Aŋguttara Nikāya


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Aŋguttara Nikāya
X. Dasaka-Nipāta
II. Nātha Vagga

The Book of the Gradual Sayings
X. The Book of the Tens
II: Things Making for Warding[1]

Sutta 11

Sen'āsana Suttaɱ

Lodging

Translated from the Pali by F. L. Woodward, M.A.

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[15] [10]

[1][bodh] Thus have I heard:

On a certain occasion the Exalted One was staying near Sāvatthī.

There the Exalted One addressed the monks, saying:

"Monks."

"Yes, lord," they replied, and the Exalted One said:

"Complete in five factors, monks,
a monk who follows after and resorts to
the lodging-place[2] which is complete in five factors
in no long time,
by destroying the cankers,
realizes in this same visible existence
the heart's release,
the release by insight,
thoroughly comprehending it of himself,
and having attained it
abides therein.

 

§

 

How is a monk complete in five factors?

Herein a monk is a believer;
he believes:

'He that Exalted [11] One, Arahant,
is a perfectly Enlightened One,
perfect in knowledge and practice,
a Welfarer,
a world-knower,
trainer unsurpassed of men to be trained,
teacher of devas and mankind,
Awakened One,
Exalted One.'

Moreover he is little troubled by sickness and disease;

he is furnished with digestive power[3]
not too hot or too cold,
but even
and suitable for striving;[4]

he is honest,
no deceiver,
he is one who shows himself as he really is
to the Teacher,
to his discerning co-mates in the brahma-life;

he dwells resolute in energy,
ever striving to abandon bad qualities,
stout and strong to acquire good qualities,
not shirking the burden in good qualities;[5]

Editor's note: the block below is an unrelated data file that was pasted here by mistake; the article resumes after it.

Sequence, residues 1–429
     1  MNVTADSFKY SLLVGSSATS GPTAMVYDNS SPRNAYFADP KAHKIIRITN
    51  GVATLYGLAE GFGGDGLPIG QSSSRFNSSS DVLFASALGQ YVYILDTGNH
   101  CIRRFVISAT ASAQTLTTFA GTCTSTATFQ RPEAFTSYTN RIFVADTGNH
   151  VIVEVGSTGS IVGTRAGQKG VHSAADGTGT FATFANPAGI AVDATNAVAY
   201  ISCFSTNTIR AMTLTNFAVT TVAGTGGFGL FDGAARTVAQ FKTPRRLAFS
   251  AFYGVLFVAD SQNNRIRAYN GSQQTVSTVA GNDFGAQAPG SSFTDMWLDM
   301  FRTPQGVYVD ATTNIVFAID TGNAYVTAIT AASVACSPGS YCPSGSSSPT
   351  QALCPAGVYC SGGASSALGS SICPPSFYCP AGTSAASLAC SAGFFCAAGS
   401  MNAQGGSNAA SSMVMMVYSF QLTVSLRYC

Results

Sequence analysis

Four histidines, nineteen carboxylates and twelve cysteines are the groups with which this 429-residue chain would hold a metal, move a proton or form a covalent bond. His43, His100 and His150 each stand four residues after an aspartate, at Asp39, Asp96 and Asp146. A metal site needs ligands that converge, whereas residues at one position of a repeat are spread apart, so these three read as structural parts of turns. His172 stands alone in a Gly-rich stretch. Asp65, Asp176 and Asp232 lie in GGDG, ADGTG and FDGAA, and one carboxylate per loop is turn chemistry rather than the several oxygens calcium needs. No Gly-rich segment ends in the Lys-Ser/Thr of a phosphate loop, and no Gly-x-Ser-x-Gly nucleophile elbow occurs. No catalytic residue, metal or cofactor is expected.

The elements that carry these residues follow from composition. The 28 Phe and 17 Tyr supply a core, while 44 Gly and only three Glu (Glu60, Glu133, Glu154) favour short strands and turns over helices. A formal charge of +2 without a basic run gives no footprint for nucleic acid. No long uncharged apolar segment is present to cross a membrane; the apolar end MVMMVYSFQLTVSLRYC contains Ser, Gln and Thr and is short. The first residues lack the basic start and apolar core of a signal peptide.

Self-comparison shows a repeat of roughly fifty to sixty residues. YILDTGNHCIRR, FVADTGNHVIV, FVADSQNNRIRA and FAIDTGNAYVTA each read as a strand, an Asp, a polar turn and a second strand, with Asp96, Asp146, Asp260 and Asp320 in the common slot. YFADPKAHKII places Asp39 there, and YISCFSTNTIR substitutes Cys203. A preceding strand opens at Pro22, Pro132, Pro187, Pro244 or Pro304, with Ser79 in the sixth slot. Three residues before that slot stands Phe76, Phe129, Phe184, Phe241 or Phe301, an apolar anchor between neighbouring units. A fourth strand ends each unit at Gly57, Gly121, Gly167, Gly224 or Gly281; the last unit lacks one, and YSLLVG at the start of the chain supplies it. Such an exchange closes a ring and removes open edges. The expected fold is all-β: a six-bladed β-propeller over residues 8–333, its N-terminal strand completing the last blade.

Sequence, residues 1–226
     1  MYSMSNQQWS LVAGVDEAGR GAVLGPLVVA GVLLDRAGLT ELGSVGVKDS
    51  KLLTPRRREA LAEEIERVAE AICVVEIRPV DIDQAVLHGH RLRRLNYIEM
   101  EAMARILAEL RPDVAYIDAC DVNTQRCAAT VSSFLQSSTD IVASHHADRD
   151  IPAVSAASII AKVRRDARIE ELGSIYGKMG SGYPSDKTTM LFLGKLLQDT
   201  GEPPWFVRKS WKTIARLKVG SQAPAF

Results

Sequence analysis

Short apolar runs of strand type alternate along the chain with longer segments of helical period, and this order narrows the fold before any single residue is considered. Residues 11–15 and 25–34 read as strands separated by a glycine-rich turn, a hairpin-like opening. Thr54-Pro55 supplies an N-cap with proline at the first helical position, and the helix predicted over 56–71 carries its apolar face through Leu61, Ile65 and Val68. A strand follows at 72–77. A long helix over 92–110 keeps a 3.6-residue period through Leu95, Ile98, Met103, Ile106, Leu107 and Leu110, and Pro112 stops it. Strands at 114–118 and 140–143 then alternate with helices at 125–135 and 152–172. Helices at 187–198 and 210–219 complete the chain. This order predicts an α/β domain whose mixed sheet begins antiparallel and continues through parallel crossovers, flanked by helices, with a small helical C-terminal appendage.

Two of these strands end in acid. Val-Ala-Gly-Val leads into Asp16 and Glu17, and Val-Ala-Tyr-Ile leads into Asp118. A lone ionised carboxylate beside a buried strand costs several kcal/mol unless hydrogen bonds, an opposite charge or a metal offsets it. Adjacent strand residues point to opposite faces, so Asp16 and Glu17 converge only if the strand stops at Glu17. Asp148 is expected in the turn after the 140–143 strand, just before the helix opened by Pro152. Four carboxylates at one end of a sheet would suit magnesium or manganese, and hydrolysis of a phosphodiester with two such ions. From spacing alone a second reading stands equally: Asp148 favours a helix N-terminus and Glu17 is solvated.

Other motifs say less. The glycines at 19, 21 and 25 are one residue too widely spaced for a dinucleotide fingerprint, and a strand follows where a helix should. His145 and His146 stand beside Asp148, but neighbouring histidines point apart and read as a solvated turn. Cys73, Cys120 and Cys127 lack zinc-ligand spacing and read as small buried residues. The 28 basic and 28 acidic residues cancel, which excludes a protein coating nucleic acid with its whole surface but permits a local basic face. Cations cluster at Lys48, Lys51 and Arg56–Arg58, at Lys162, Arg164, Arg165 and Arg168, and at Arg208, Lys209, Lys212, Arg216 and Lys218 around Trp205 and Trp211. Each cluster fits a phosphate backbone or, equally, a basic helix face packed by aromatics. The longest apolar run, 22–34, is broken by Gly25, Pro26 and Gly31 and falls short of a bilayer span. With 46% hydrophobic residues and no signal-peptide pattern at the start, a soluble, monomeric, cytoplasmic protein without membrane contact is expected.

he is a man of insight,
possessed of insight
for tracing the rise and fall of things,
insight that is Ariyan,
penetrating,
going on to the utter destruction of ill.[6]

In this way, monks,
a monk is complete in five factors.

 

§

 

And how is one's lodging-place complete in five factors?

Herein, monks, a lodging-place
is not too far
and not too near (a village),
but suitable for coming and going,
by day not frequented,
by night quiet and undisturbed by noise,
not plagued with contact of flies,
mosquitoes,
wind,
rain
and creeping things.

Moreover, for one dwelling in such a lodging-place
the supply of robes and alms-food,
of bed and lodging,
comforts in sickness
and medicaments
comes about with little trouble;

further in that lodging-place
dwell elder monks who have heard much,
who are versed in the sayings,
who know the teachings thoroughly,
[16] who know the discipline and summaries by heart.[7]

Consorting with them from time to time
he inquires of them
and questions them [12] thus:

'How is this, your reverence?

What is the meaning of this?'

Those worthies then open up to him
what was sealed,
make clear what was obscure,
and on divers doubtful points of doctrine
they resolve his doubts.

That, monks, is how one's lodging-place is complete in five factors.

 

§

 

Indeed, monks, complete in five factors,
a monk who follows after
and resorts to the lodging-plaee
complete also in five factors
in no long time,
by destroying the cankers,
realizes in this same visible existence
the heart's release,
the release by insight,
thoroughly comprehending it of himself,
and having attained it abides therein."

 


[1] Nātha at § 17; cf. the name Anātha-piṇḍika, 'feeder of the helpless.'

[2] Cf. G.S. i, 220.

[3] Sama-vepākiṇiyā gahaŋiyā; cf. D. ii, 177; iii, 166 = Dialog. ii, 208 and n.; iii, 157 (in Marks of the Superman); A. iii, 65 = G.S. iii, 54. Our Comy. has nothing to say about this gahaṇī or inner process or organ. According to DA. ii, 628, it is kammaja-tejo-dhātu (digestive heat). See note to Dialog. ii, 208.

[4] Majjhimāya padhāna-kkhamāya. So Mr. Hare at G.S. iii, 54. At Dialog, iii, 157, the quality is ascribed to the person himself (patience in exertion), but obviously it refers to the digestion.

[5] Cf. K.S. v, 173 (The Controlling Power of Energy).

[6] Cf. K.S. v, 175 (The Controlling Power of Insight).

[7] Āgatāgamā; cf. G.S. i, 101; iii, 257.


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